Well, that’s it for this week’s walk down history of the Quarter. Come back next week for part three. In the mean time, check out the different numismatic collectibles we carry over at our store. Now if you excuse me, I have some old quarters to sift through.

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A Brief History of US Coins

Something that is quite fascinating that many people don’t actually know is the history of that change that sits in your change jar or in your car. For example, did you know that the dime is actually the third iteration of the dime? Or that there used to be a half dime before there was a nickel? Or that the Lincoln penny is actually the latest in a very long line of pennies? Today, we delve briefly into the history of our pocket change and see the rich history from where our currency comes from.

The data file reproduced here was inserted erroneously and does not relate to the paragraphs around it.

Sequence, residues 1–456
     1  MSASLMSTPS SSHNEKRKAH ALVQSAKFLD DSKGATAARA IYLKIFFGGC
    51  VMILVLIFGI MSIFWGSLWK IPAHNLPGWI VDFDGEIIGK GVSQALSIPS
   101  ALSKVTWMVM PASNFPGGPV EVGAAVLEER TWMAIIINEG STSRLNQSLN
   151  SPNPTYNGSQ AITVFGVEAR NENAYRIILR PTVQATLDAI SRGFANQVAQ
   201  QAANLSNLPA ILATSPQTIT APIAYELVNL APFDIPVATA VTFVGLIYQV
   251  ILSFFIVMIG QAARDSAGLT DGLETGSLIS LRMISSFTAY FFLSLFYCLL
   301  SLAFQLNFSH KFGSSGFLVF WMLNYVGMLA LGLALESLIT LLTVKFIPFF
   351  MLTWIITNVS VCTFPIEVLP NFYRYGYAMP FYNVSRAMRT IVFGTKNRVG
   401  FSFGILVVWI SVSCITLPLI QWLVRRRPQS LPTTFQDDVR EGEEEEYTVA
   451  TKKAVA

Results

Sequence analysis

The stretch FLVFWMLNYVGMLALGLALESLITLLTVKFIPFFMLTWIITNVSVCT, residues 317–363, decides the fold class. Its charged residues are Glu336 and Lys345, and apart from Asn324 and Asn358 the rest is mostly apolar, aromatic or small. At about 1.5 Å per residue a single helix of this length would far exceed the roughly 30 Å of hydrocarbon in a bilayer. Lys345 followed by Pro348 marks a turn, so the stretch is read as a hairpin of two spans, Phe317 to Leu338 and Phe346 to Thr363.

The Lincoln Penny

1909-S VDB Lincoln cent

For many of us, the Lincoln head penny is the only penny that we know, with Lincoln’s profile on one side and the monument on the other. But, the truth is that the Lincoln cent piece didn’t start in circulation until 1909 and broke the mold where minting was concerned as it was the first US coin to feature a president on it. It had been tradition since Washington’s presidency that no coin feature the depiction of a president past or present. So when this coin was brought up for review, it had met some resistance from traditionalists, but they all fell by the way side in front of Theodore Roosevelt who pushed the coin design through after having just approved four new designs for the gold eagle denominations. The first year it was minted the lincoln cent had the designers initials VDB at the base of the reverse. This led to a public outcry and the initals were quickly removed, which in turn, created the coveted 1909-S VDB cent. Another interesting fact, in 1943, when copper was scarce during World War II, the penny was made out of a steel alloy which led to another collector’s item. Who knew the penny would hold so much sway?